Here I am: the proud owner of two small children. I am also now the veteran of two very different childbirth stories, having successfully delivered my second child by the conventional method, as opposed to having her lifted out of the sunroof. Neither is easy and they are starkly different experiences, which I will delve into at a later date when the memories don't make me cringe quite so much.
Today, instead, I plan to look at all the little bits of information that your midwife won't have given you about your body after your baby has left it. For the purposes of this piece, I will be focusing on what happens after you push one out, although a lot of these little nuggets of information will be relevant to both delivery methods.
Expecting soon? Pull up a chair; you're going to want to know about the weird shit about to befall your body...
1. You will be forced to pee.
It's immediately after delivery and you may or may not have just received more stitches than the Bayeux Tapestry. You've barely had time to re-establish which way is up and can't quite believe the things that your vagina has just done, when the midwives start demanding that you pee as soon as possible. You're not going to want to pee. Stitches or no, the thought of anything else touching your undercarriage is absolutely abhorrent, but they're insisting because they want to measure how much comes out of you. You see, some women get a thing called urine retention after childbirth and can't go at all; the hospital just want to make sure your plumbing still works after major trauma. My advice? Dab it dry, don't wipe.
2. You're going to sweat.
Pregnant women retain a lot of water. Once that woman is no longer pregnant, that water wants to leave her body. You're going to sweat harder that Oscar Pistorius on trial. Don't even think about taking polyester nightclothes to the hospital; it has to be cotton and it has to be comfortable.
3. You'll be frightened to poo, yes, but also to cough/sneeze/walk/breathe.
It's psychological really, but the sooner you get control back over your pelvic floor, the sooner you'll be able to go about normal day to day activities without feeling like your perineum is about to explode. If you've had stitches, holding a clean pad or piece of toilet paper against them when you poo will really help. I also recommend prunes, because the less effort you have to put in, the better. As for coughing and sneezing, I can't really comment; it's been a week and I've still done neither for fear of losing my womb.
4. It feels unclean.
Postpartum bodies bleed. The loss that you'll experience is called lochia, and it's half period, half bloodbath. In the few days after delivery, you're going to ruin every single pair of pants you put on, not to mention any surface on which you sit. Getting out of the shower becomes about applying a pad to your undercarriage before you've even had a chance to locate your towel and you're still going to drip some onto the floor. Eventually, it'll settle down to being 'just' a heavy period, and we all know how delightful those are.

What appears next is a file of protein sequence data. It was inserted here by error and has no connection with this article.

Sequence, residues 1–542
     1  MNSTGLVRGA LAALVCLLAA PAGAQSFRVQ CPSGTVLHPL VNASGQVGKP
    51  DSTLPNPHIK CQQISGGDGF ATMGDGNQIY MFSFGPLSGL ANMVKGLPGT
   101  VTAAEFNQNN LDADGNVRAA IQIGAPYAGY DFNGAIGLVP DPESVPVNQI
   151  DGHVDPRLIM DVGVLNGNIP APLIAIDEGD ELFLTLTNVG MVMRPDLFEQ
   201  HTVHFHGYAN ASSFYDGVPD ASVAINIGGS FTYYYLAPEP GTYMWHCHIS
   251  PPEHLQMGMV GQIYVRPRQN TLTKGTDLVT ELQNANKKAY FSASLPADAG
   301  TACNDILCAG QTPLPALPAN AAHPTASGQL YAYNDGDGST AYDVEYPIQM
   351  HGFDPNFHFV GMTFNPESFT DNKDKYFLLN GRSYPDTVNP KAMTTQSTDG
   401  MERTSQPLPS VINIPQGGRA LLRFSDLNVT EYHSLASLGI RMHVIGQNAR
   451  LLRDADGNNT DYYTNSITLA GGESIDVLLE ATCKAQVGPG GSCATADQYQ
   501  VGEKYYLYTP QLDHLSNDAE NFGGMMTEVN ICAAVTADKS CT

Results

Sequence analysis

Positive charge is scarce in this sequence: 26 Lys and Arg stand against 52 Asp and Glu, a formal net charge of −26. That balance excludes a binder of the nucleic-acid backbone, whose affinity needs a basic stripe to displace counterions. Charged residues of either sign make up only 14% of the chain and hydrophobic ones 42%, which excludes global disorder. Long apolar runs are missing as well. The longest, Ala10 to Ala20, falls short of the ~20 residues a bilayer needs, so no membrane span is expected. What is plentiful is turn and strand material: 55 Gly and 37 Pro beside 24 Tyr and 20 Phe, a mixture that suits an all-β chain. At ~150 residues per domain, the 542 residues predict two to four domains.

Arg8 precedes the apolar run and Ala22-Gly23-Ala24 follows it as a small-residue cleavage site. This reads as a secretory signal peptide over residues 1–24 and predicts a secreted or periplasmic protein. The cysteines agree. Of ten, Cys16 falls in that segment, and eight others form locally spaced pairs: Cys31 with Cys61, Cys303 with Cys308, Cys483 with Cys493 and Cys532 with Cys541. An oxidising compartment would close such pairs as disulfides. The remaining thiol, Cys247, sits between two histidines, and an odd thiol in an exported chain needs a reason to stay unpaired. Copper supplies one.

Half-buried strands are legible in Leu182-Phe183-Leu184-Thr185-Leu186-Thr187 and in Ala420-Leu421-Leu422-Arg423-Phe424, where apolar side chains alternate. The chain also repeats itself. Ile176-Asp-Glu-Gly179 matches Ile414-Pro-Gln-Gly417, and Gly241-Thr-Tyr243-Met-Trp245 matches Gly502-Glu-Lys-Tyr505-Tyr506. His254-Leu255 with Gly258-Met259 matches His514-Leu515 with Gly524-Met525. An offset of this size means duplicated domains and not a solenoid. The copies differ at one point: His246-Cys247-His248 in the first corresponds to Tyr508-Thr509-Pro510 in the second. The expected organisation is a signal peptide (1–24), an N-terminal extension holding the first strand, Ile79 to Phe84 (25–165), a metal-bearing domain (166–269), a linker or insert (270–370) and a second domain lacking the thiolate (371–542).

5. The bruising takes a while to come out.
It's a week after delivery and you might be starting to feel a bit better. Your tears will be healing nicely and your stitches might be starting to dissolve. At this point, you can probably even poo in relative comfort. Then, all of a sudden, you wake up one morning feeling like you've been kicked in the fanny by a horse. Your clitoris is swollen and throbbing (and not in a good way) and your insides feel a lot like they're trying to be on the outside. It was only after much frantic googling and a panicky text to my friend who gave birth earlier in the year before I realised that this was just normal bruising, caused by an enormous noggin forcing its way out of my lady garden.
6. Recovery takes longer than you'd expect.
After a Cesarean, I thought that the recovery from a natural birth would be relatively straightforward. In a way, I guess it is compared to major surgery, but don't expect to be walking like anyone other than John Wayne for several weeks afterwards.
7. It'll go old testament God on you if you try and push your luck.
If you don't give your body sufficient time to recover, it's going to punish you. Your womb will suddenly send forth another river of blood to tell you that you're getting too ambitious and to sit the fuck back down on the sofa. Listen to your body; it knows what it's doing.
8. It adapts to sleep deprivation really quickly.
The early days of parenthood are a heady blur of sleepless nights and mild panic, but it's incredible how quickly your body (and brain) will adjust to this change. There will be days when you're so tired you think you might actually die, but for the most part, you and your baby will slowly find a rhythm that works for both of you, and allows you to continue as a reasonably functional human being. And the days that you can't function? Don't. Stay home and cuddle your baby; this is a time for you to go easy on yourself.
9. It's glorious in it's state of not being pregnant.
Being pregnant is shit. Welcome back to a world of sleeping on your back and tequila. You may be wobblier than a blancmange, but your body is finally your own again. Enjoy being the only person living in it.
10. It'll make you feel like a bloody superhero.
And rightly so. However your baby was delivered, your body grew and nurtured them, and then went through something akin to either being hit by a train or surviving a shark attack to get them here. You've sacrificed everything from your dignity to the ability to hold in the smallest amount of piss to bring this tiny human into the world, and you deserve to feel invincible (you know, once you can walk normally again).